Lesson 7: Focus on Measuring
According to the writers, as leaders of a linked organization, we must excite it with ideas, energy, and emotion. As a leader, we should be the company's most connected individual.
When you run a connected company, you're in charge of a network: a dispersed control system that gives individuals and teams the freedom to execute their jobs the way they choose.
Connected leaders pay attention not only to employees but also to suppliers, customers, and investors.
The authors propose a unique method for determining how well your firm is performing: measure its temperature. Is it too hot, excessively chilly, or just right?
The ideal temperature for a firm corresponds to the rate of change in the industry. It should be set at the same temperature as consumers and rivals, if not slightly higher.
A firm that is excessively chilly will have regulations that are so rigid that they obstruct productivity. People will discover ways to get things done by working "around" the system. Processes will be over-coordinated and closely linked.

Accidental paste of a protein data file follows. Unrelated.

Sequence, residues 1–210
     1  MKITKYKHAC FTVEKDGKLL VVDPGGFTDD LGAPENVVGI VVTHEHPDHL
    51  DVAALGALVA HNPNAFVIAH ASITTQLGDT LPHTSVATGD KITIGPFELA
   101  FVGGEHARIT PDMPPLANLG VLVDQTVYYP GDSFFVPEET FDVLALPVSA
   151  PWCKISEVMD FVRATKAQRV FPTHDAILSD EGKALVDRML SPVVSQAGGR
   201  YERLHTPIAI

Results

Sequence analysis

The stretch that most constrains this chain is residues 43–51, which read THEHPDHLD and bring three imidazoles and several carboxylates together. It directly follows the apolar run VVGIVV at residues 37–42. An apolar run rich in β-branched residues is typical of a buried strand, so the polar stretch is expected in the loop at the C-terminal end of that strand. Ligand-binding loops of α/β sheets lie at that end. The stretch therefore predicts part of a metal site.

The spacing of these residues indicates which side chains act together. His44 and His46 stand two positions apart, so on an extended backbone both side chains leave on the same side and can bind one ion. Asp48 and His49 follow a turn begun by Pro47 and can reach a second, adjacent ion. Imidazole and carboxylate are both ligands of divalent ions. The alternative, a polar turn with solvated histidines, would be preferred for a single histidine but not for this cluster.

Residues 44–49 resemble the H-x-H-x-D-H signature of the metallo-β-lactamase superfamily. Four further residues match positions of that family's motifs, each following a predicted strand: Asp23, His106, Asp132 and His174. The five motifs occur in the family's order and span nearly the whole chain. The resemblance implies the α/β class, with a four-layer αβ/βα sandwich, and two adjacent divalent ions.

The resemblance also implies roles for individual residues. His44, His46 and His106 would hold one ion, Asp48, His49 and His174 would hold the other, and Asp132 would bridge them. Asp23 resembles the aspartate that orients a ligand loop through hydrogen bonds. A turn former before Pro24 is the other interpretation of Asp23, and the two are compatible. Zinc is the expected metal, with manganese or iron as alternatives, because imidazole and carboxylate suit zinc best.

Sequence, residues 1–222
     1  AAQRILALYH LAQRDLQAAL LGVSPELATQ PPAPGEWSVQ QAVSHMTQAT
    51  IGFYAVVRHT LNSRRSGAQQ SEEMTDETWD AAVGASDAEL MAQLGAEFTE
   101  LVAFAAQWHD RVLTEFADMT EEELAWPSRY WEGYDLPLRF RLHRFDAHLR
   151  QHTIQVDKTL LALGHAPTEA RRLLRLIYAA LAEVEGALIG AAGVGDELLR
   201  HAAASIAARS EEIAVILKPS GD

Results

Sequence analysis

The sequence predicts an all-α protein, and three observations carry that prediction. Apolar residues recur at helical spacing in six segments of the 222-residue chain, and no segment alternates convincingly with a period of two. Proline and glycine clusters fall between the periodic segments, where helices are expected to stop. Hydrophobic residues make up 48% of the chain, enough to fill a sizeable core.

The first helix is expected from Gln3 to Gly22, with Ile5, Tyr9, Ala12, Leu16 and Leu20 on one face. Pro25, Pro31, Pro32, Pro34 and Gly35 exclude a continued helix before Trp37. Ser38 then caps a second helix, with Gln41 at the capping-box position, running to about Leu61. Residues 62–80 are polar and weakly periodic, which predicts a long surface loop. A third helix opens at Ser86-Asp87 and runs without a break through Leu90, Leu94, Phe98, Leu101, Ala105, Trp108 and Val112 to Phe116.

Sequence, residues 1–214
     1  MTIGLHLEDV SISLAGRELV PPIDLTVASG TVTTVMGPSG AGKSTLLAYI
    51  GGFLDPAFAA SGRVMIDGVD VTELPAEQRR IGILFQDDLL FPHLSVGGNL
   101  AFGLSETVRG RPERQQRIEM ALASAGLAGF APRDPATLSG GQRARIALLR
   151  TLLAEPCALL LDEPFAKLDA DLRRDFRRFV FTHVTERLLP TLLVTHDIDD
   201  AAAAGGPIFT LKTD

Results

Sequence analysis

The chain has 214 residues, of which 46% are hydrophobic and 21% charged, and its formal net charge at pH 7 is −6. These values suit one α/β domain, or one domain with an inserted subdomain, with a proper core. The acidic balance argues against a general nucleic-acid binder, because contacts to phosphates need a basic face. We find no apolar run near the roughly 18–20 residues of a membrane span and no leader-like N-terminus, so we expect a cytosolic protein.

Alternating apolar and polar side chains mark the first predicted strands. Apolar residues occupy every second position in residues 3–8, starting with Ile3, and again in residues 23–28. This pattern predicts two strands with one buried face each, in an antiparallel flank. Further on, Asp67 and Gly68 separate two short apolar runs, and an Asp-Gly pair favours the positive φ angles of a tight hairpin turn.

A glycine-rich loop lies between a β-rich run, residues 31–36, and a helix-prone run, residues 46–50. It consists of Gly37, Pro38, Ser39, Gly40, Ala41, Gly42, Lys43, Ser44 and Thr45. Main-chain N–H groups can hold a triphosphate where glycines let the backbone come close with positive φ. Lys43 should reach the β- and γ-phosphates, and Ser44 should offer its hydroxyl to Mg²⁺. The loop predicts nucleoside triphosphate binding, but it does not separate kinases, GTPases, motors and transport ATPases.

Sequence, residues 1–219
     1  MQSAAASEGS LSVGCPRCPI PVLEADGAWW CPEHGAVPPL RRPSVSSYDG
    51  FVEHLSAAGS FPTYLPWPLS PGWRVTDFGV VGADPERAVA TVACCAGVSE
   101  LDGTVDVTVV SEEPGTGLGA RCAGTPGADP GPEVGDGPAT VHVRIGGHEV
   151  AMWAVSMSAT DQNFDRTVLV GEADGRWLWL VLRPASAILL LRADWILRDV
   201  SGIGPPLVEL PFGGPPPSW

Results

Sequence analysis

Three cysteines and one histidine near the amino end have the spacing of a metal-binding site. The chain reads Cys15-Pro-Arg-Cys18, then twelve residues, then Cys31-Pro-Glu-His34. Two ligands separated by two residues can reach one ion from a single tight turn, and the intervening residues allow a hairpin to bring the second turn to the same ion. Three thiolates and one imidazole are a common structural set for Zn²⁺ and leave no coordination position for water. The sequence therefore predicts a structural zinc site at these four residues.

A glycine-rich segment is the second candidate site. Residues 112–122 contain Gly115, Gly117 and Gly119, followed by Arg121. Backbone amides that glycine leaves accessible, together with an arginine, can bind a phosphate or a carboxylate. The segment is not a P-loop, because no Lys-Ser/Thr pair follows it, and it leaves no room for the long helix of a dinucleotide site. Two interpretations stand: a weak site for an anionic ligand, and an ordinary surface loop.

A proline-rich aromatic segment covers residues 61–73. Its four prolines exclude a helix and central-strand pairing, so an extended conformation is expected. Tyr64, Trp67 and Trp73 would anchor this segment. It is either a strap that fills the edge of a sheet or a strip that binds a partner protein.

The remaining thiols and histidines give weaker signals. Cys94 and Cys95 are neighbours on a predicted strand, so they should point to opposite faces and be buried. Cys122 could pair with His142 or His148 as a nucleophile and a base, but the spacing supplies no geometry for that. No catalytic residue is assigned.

A firm that is too hot will find itself constantly reinventing the wheel, tackling the same challenges. Every project or effort will be launched from the ground up, without regard for previous lessons learned.
What is the best position? Goldilocks—neither too hot nor too cold.
Lesson 8: POD Cultivation
So, how do we go about putting together pods? The authors provide many recommendations.
We should concentrate on podular growth. If our organization needs to grow, we should consider starting with a pod for the new endeavor.